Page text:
An American Passive Home: Page 3 of 4

Intermediate

Inside this Article

Pura Vida demonstration home.
Pura Vida, a common saying in Costa Rica meaning ”pure life,” is the name of this demonstration home built by the author and his wife in Oregon, Illinois, in 2007.
Pura Vida interior.
A timber-frame structure, Pura Vida demonstrates an efficient home that looks and feels conventional.
Insulated concrete forms.
Insulated concrete forms include the support that keeps the forms from being pushed apart during the concrete pour.
Large south-facing windows.
Large south-facing windows, specified for their high solar heat gain coefficient, admit ample sunlight to warm the house on sunny winter days.
The “earth room” under construction.
The “earth room” under construction. Once complete, this space will provide a source of free heating and cooling.
Enerboss
A 4.5 kW Marathon water heater provides hot water to the heat-exchanger coils within this all-in-one Enerboss, a heating, filtration, and heat-recovery ventilation system.
A 4.5 kW Marathon water heater
This 4.5 kW Marathon water heater provides hot water to the heat-exchanger coils within the all-in-one Enerboss, a heating, filtration, and heat-recovery ventilation system.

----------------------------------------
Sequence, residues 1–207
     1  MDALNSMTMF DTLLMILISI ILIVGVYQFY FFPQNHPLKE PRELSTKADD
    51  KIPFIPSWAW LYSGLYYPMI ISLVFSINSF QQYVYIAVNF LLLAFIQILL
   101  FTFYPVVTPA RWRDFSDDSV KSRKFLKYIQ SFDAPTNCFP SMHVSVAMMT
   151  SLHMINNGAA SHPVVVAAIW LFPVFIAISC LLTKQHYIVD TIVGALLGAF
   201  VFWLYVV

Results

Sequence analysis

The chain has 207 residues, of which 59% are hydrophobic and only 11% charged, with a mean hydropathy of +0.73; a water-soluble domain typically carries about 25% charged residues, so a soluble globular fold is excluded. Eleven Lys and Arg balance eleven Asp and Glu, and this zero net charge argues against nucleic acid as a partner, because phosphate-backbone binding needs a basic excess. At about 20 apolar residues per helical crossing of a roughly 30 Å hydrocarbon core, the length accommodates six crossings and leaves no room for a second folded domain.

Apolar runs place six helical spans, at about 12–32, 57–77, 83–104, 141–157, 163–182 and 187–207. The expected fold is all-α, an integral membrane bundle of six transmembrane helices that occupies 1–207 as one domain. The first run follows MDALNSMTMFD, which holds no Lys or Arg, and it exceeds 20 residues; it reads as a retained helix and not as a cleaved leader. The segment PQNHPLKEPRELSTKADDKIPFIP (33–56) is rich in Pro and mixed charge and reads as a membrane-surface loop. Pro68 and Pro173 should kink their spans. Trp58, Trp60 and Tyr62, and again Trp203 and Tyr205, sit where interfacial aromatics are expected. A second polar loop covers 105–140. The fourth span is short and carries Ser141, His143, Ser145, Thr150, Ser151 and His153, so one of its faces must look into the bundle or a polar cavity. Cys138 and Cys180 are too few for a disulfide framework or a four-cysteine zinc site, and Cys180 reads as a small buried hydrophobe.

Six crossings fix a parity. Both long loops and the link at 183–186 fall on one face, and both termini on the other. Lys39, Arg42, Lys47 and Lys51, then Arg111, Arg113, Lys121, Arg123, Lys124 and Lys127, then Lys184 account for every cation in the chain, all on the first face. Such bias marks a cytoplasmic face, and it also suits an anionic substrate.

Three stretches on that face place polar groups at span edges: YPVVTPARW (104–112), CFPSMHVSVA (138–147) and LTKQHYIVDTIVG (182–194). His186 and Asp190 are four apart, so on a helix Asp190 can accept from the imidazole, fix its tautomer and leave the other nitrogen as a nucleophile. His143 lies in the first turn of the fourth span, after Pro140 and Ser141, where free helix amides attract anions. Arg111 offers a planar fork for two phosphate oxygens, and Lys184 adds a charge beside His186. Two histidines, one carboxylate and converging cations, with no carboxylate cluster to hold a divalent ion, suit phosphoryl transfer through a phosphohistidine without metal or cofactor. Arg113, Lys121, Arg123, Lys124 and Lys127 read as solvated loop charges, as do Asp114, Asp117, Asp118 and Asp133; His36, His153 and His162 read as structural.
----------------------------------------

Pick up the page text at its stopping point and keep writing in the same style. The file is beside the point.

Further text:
An air-to-water heat pump.
An air-to-water heat pump provides domestic hot water.
Wind-electric generator.
A small wind-electric generator offsets a small portion of the home’s electricity use. It would produce much more on a tower tall enough to clear all obstructions in the area.
Two pole-mounted PV arrays.
Two pole-mounted PV arrays offset about 27% of the home’s electricity use.
Battery bank.
A battery bank provides backup power in the event of a utility outage.
OutBack MATE3
An OutBack MATE3 keeps tabs on the RE system.
OutBack Radian series inverter.
This OutBack Radian series inverter and load center also serves as an AC and DC enclosure. The system’s charge controller sits to the right.
Wood floors and exposed posts and beams.
Wood floors and exposed posts and beams lend warmth and beauty to this efficient home.
Pura Vida demonstration home.
Pura Vida interior.
Insulated concrete forms.
Large south-facing windows.
The “earth room” under construction.
Enerboss
A 4.5 kW Marathon water heater
An air-to-water heat pump.
Wind-electric generator.
Two pole-mounted PV arrays.
Battery bank.
OutBack MATE3
OutBack Radian series inverter.
Wood floors and exposed posts and beams.

Earth Room

In addition to capturing solar gain, Pura Vida takes advantage of another source of free heat (and cooling): from the relatively constant temperature of the ground. In Europe, earth tubes are often buried around the foundation of homes to provide tempered fresh air, but in the United States, there has been concern that earth tubes can grow mold or mildew. With Pura Vida, and subsequent buildings I have designed, an “earth room”—a modified approach to earth tubes—has been successful.